Karen Inkelas has a longstanding interest in how college environments — curricular, co-curricular, interpersonal, and structural — affect students. She is currently the research director of the Crafting Success for Underrepresented Scientists and Engineers Project, which seeks to identify effective ways to close the achievement gap for underrepresented students in science, technology, engineering, and mathematics (STEM) fields at UVA. In addition, she holds an appointment in the UVA Contemplative Sciences Center as research director of undergraduate initiatives, where she is co-principal investigator of the Student Flourishing Initiative, a collaborative project with Penn State and the University of Wisconsin focusing on creating an undergraduate curriculum on mindfulness and flourishing for first-year students.
Her prior research has focused on the impact of living-learning communities, or academic programs based in residence halls that strive to integrate students' academic and social spheres to optimize learning, on undergraduate student outcomes. She is the principal investigator for the National Study of Living-Learning Programs (NSLLP), which was awarded two grants from the National Science Foundation to study the role of living-learning programs in facilitating the success of women in science, technology, engineering, and mathematics (STEM) majors.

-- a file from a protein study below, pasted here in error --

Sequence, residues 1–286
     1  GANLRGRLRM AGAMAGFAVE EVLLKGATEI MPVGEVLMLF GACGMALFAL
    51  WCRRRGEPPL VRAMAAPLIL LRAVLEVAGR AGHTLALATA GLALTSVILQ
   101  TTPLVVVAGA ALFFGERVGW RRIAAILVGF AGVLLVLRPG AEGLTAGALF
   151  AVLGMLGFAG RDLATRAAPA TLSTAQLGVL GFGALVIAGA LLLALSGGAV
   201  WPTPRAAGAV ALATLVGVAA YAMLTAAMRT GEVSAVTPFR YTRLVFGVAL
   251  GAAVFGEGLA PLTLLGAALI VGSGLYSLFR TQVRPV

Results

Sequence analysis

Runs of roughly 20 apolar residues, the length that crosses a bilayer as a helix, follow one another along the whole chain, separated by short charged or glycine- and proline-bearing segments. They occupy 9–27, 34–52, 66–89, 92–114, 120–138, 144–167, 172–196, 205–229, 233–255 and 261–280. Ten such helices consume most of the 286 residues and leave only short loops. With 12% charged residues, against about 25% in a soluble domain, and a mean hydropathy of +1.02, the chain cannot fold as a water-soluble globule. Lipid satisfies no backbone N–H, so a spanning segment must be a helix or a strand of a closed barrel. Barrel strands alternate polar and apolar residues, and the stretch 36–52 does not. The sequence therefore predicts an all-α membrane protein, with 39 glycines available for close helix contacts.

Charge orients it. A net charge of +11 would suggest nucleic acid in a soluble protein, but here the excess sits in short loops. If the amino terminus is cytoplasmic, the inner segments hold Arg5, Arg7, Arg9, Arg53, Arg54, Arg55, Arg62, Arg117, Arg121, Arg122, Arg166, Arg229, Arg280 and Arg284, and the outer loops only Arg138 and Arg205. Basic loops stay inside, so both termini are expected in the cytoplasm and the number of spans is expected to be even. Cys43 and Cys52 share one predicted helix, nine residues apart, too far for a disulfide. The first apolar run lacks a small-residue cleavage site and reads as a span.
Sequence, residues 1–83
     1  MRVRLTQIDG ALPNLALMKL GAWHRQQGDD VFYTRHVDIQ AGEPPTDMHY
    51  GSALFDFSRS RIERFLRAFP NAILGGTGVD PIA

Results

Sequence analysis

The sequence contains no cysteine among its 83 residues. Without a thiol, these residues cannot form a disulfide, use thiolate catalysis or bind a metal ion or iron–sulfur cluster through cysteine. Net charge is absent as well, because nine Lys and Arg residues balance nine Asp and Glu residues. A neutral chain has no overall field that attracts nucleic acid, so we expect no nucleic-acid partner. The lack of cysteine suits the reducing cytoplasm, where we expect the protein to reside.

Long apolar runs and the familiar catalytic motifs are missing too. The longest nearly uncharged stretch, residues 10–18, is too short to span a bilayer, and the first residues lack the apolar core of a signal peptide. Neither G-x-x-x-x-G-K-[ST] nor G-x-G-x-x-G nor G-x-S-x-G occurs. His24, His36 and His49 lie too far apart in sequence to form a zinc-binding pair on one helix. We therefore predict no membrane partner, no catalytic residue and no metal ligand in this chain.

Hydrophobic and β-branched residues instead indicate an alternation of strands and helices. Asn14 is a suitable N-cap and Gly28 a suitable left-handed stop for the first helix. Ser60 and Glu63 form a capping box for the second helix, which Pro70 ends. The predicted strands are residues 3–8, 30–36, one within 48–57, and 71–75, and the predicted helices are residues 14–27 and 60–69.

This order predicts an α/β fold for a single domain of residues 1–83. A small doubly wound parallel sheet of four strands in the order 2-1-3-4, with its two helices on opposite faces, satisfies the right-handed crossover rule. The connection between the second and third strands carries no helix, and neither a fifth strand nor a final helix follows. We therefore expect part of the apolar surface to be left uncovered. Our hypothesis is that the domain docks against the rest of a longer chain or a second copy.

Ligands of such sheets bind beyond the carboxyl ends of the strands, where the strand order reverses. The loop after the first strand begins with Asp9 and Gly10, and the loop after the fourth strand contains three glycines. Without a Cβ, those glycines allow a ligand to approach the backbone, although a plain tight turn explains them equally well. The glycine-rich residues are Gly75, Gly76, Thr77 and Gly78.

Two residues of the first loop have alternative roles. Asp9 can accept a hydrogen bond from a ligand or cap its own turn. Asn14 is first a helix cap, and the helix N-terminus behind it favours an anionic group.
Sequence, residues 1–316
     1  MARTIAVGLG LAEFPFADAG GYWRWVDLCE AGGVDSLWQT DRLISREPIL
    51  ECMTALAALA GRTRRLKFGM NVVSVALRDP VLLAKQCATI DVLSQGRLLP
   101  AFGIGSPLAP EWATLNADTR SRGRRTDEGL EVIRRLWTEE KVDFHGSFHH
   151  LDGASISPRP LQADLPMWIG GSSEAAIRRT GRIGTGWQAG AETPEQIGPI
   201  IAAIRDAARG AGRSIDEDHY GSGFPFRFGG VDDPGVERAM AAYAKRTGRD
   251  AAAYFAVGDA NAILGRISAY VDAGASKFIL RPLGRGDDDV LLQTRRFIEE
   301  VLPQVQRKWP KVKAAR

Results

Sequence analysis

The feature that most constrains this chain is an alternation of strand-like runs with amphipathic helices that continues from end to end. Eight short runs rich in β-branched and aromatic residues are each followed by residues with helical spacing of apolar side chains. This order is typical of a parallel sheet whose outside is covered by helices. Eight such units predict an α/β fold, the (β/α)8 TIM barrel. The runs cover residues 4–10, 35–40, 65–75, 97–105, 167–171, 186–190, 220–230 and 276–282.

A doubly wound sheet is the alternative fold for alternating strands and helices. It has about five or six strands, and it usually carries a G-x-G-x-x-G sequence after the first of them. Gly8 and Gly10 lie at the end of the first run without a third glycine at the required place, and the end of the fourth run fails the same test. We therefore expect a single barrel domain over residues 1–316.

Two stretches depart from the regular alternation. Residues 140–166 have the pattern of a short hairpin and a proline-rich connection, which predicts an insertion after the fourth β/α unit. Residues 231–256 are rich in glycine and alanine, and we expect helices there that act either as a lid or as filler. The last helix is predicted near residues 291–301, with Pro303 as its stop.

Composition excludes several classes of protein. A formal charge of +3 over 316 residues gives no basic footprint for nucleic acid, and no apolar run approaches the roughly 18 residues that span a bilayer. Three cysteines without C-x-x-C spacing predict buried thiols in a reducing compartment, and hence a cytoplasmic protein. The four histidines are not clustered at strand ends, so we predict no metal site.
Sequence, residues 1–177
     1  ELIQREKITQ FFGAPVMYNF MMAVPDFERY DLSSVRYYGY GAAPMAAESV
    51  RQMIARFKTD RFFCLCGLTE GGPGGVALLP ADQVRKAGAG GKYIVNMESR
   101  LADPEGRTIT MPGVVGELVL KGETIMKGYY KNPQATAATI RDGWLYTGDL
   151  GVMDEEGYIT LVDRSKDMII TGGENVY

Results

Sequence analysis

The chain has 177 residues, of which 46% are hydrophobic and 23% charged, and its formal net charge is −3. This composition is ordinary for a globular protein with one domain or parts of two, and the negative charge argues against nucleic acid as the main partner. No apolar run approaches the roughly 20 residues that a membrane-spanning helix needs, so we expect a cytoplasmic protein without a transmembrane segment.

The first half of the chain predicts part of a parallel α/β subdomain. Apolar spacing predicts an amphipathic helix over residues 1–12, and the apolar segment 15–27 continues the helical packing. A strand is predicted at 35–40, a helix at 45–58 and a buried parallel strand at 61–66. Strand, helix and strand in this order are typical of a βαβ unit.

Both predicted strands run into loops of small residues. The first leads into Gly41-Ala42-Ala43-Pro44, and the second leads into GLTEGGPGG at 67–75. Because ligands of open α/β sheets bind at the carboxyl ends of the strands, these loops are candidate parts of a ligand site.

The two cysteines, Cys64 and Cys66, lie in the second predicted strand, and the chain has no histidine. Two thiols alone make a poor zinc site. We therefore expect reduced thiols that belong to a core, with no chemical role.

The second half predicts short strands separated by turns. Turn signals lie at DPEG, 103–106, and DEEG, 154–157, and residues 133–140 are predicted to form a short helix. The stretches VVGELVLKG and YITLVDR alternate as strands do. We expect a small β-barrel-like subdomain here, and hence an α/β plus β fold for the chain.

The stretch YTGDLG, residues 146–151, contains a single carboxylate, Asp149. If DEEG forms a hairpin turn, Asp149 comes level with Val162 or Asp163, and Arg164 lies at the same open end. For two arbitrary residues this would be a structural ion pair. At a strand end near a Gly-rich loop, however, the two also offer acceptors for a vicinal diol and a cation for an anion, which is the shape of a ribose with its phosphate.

Ph.D., University of Michigan, 2000
M.S.E., Northwestern University, 1994
B.A., Northwestern University, 1992